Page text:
Now a few comments in regard to salvation outside the church. In the mind of the Protestant there is a deep distrust of institutions and hierarchy. At the first indication that an organization might be as important as the individual, a Protestant will immediately see them as authoritarian and probably abusive. In a sense Caleb is certainly accurate in this quote, though. The Orthodox believer would not think that they achieve salvation on their own. This sort of individualism is a product of Reformation and Enlightenment thinking, where the individual was severed from the authoritative community and each person’s intellect reigned supreme. One only need see how Martin Luther approached interpretation to see this in spades. Orthodoxy has a radically different understanding of salvation and community.
It’s important, however, for the Protestant to return to Scripture and consider just how self-sufficient they are. They should reconsider whether the metaphors used in salvation indicate individualism or a corporate understanding. The Church, and not the individual, is referred to as the Body and the Bride of Christ. The Church, and not the individual, is the pillar and foundation of the truth. We believers are sheep in a flock, which is another corporate notion. We are individual rocks, but built into a single temple. Over and over again the metaphors you find in Scripture point to the inescapable fact that we are not saved alone. We are saved as part of a community, and it makes absolutely no sense for individuals to try and step outside of the communal work of the Holy Spirit in history. So in that sense Caleb is correct in saying that the notions of individual understandings of Scripture and individual salvation make no sense to the Orthodox. The question really is, why do they make sense to Protestants?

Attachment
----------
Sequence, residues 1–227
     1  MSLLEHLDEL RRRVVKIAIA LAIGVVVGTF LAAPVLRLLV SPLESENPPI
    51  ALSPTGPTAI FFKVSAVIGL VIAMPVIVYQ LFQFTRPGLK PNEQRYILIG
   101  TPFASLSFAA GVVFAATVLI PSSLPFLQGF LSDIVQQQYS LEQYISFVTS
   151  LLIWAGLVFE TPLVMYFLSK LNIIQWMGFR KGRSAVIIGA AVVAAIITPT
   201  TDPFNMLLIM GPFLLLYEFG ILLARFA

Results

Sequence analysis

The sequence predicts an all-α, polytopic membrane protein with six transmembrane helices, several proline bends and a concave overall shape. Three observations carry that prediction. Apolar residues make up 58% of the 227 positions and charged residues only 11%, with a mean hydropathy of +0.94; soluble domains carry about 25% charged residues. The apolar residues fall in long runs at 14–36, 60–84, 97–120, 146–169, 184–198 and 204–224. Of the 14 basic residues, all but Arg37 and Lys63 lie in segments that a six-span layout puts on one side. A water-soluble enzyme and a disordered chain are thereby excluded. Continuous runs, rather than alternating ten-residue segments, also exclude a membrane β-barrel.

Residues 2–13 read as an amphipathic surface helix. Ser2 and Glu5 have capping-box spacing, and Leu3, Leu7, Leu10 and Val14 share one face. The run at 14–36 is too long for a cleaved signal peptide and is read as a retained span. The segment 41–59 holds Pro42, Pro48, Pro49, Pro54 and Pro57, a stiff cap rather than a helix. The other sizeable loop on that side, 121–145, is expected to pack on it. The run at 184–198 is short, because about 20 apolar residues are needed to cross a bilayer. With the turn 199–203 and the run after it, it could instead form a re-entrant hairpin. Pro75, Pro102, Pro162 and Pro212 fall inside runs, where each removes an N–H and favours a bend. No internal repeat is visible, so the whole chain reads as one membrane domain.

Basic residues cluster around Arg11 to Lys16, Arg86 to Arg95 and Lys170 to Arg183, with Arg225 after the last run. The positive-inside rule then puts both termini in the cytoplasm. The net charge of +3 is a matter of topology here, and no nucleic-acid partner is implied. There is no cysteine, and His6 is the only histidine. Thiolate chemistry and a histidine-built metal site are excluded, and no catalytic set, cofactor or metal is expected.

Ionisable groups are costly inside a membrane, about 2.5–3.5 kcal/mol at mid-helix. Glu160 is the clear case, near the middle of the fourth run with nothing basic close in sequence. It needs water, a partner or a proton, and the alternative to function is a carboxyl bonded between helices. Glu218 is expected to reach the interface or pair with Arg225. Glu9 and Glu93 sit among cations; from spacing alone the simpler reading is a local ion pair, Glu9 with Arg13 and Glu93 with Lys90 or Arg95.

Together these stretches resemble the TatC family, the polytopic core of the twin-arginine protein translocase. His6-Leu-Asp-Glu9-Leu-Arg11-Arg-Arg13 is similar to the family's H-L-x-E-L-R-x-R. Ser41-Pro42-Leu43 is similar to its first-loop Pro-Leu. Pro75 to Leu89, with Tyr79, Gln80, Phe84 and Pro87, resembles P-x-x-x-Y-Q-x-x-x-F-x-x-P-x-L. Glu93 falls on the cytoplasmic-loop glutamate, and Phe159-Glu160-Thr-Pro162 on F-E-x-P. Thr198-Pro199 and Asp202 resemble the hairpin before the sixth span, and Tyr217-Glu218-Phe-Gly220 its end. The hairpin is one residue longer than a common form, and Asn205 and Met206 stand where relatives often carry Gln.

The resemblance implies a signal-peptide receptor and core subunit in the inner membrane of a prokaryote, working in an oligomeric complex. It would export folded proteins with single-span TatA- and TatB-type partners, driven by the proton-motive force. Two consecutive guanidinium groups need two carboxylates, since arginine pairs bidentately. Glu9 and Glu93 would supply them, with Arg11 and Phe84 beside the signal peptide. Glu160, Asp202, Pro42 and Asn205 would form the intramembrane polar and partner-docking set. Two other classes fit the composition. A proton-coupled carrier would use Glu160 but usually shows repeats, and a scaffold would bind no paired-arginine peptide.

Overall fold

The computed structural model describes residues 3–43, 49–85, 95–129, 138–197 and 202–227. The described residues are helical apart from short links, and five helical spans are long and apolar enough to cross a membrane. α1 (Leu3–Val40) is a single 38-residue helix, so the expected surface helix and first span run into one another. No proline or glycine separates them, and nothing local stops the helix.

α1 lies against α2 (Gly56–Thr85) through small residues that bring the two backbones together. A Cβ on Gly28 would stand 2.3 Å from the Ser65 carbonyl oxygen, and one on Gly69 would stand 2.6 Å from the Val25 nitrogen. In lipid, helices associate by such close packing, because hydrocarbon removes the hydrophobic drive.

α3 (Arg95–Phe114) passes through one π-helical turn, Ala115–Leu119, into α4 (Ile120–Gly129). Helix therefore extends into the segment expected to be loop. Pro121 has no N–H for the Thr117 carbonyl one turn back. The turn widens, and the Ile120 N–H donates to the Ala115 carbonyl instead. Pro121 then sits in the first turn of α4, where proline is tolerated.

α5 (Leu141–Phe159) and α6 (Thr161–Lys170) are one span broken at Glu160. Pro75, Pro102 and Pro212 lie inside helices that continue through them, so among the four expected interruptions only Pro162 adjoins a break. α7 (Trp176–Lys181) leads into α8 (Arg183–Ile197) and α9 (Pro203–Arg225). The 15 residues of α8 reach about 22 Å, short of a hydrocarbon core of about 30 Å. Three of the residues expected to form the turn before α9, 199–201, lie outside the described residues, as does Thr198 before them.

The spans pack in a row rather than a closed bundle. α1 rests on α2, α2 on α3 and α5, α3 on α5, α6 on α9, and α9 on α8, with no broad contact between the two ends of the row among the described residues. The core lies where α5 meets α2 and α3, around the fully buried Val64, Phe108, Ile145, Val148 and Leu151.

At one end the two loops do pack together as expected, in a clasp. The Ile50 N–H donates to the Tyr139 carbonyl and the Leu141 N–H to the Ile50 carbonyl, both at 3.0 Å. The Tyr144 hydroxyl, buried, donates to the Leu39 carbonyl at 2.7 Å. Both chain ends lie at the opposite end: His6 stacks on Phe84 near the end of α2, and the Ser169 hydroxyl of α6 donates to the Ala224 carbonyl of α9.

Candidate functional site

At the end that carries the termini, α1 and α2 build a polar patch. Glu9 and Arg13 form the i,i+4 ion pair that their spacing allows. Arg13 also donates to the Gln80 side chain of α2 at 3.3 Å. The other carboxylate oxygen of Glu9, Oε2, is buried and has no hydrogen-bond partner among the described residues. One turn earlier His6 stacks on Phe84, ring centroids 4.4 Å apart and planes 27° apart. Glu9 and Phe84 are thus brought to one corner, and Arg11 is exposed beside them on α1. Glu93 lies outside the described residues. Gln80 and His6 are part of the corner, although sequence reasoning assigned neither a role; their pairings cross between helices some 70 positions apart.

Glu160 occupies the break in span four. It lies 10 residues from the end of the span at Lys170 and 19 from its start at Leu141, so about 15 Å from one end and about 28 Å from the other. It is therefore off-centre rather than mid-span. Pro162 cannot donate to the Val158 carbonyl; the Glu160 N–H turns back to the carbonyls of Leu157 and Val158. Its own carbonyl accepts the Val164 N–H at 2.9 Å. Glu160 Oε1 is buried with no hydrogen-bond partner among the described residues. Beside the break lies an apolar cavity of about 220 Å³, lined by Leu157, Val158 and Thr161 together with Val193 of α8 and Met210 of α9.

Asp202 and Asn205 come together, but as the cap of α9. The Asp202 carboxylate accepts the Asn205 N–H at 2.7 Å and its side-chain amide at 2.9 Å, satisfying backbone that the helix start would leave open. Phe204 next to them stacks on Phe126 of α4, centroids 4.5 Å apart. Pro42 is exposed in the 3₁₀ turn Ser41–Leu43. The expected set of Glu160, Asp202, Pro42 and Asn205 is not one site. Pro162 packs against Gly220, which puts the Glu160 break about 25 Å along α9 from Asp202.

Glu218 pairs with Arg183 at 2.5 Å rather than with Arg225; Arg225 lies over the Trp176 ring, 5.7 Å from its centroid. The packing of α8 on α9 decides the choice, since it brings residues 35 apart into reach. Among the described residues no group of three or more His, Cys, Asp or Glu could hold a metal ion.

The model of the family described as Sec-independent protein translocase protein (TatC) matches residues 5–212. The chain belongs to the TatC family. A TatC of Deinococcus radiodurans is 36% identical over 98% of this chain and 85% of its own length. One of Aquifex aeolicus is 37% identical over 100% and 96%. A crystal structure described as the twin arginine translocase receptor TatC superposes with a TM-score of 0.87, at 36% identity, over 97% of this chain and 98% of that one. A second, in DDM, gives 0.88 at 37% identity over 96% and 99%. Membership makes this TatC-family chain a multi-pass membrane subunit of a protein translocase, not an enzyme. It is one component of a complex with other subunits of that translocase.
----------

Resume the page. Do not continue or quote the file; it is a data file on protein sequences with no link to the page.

At the time of the Great Schism the head of the Orthodox Church was in the East in Constantinople. Thus, it became the Eastern Church. (Kindle Locations 49-50)
OK, that’s just wrong. At the time of the great Schism there wasn’t a separate Orthodox and Roman Catholic Church. There was just the Church. The head of the eastern church didn’t and doesn’t exist. The Church had no head other than Christ, though the pope started claiming universal jurisdiction, which is part of the reason why the Roman patriarchate split from the other four patriarchates. The bishop of Constantinople was the second of the five major patriarchs, after the bishop of Rome, and he is in the east, but that has nothing to do with the split, or why the Orthodox Church is known as “eastern.” Since Rome took the western half of the old Roman empire away into schism, it is known collectively as the western church. The remaining part of Christendom was in the east. The rest of the church in the east stayed in communion with each other, and came to be known collectively as the eastern church merely due to geographical location. That’s it.
The amazing thing about Orthodoxy is that it truly hasn’t changed much if any in the last 1,000 years. Although, Orthodox scholars will tell you that their faith and traditions haven’t changed in the last 2,000 years! (Kindle Locations 74-76)
Yeah, pretty much. Of course, Orthodox understand that when we say we haven’t changed that doesn’t mean that everything is literally identical. Languages change. Liturgies are updated. New saints are recognized and fasting/feasting periods are adjusted. New issues require new solutions. The Church is living and vital, but the worship and doctrine remains the same. The heart of the ancient faith is still beating in Orthodoxy. In that way, it remains unchanged. Even in the surface way that Caleb means you will find a strong conservatism and resistance to fad and fancy. It’s one of our strong points.
The source of truth
if the Church is the only one who can make decisions on theology then why should the individual study theology at all? Even if an individual were to study theology he would have to do it without making any reasonable decisions for himself. (Kindle Locations 147-150)